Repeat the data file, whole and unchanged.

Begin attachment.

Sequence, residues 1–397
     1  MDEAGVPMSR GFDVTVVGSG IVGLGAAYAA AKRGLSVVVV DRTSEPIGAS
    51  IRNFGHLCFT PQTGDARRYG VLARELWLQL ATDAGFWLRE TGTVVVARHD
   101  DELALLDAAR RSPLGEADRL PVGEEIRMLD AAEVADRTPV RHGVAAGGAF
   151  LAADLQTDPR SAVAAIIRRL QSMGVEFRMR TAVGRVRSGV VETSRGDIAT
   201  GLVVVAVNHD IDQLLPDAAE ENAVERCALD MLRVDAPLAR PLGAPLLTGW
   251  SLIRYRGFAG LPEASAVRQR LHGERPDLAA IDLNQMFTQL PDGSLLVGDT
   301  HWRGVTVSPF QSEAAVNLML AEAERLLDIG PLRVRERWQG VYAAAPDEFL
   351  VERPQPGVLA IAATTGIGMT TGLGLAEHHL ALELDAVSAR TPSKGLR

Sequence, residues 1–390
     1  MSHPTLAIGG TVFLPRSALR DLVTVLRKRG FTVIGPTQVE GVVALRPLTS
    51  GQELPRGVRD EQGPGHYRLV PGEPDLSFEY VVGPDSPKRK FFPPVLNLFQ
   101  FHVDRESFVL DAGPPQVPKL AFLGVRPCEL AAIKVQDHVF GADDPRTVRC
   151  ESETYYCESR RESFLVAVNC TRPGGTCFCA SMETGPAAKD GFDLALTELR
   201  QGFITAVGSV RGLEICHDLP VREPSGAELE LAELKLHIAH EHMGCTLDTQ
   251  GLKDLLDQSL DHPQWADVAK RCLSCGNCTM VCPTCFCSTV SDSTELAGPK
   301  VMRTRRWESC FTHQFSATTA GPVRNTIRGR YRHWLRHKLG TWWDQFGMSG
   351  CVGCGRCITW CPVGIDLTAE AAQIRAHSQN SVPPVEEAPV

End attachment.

Sequence, residues 1–397
     1  MDEAGVPMSR GFDVTVVGSG IVGLGAAYAA AKRGLSVVVV DRTSEPIGAS
    51  IRNFGHLCFT PQTGDARRYG VLARELWLQL ATDAGFWLRE TGTVVVARHD
   101  DELALLDAAR RSPLGEADRL PVGEEIRMLD AAEVADRTPV RHGVAAGGAF
   151  LAADLQTDPR SAVAAIIRRL QSMGVEFRMR TAVGRVRSGV VETSRGDIAT
   201  GLVVVAVNHD IDQLLPDAAE ENAVERCALD MLRVDAPLAR PLGAPLLTGW
   251  SLIRYRGFAG LPEASAVRQR LHGERPDLAA IDLNQMFTQL PDGSLLVGDT
   301  HWRGVTVSPF QSEAAVNLML AEAERLLDIG PLRVRERWQG VYAAAPDEFL
   351  VERPQPGVLA IAATTGIGMT TGLGLAEHHL ALELDAVSAR TPSKGLR

Sequence, residues 1–390
     1  MSHPTLAIGG TVFLPRSALR DLVTVLRKRG FTVIGPTQVE GVVALRPLTS
    51  GQELPRGVRD EQGPGHYRLV PGEPDLSFEY VVGPDSPKRK FFPPVLNLFQ
   101  FHVDRESFVL DAGPPQVPKL AFLGVRPCEL AAIKVQDHVF GADDPRTVRC
   151  ESETYYCESR RESFLVAVNC TRPGGTCFCA SMETGPAAKD GFDLALTELR
   201  QGFITAVGSV RGLEICHDLP VREPSGAELE LAELKLHIAH EHMGCTLDTQ
   251  GLKDLLDQSL DHPQWADVAK RCLSCGNCTM VCPTCFCSTV SDSTELAGPK
   301  VMRTRRWESC FTHQFSATTA GPVRNTIRGR YRHWLRHKLG TWWDQFGMSG
   351  CVGCGRCITW CPVGIDLTAE AAQIRAHSQN SVPPVEEAPV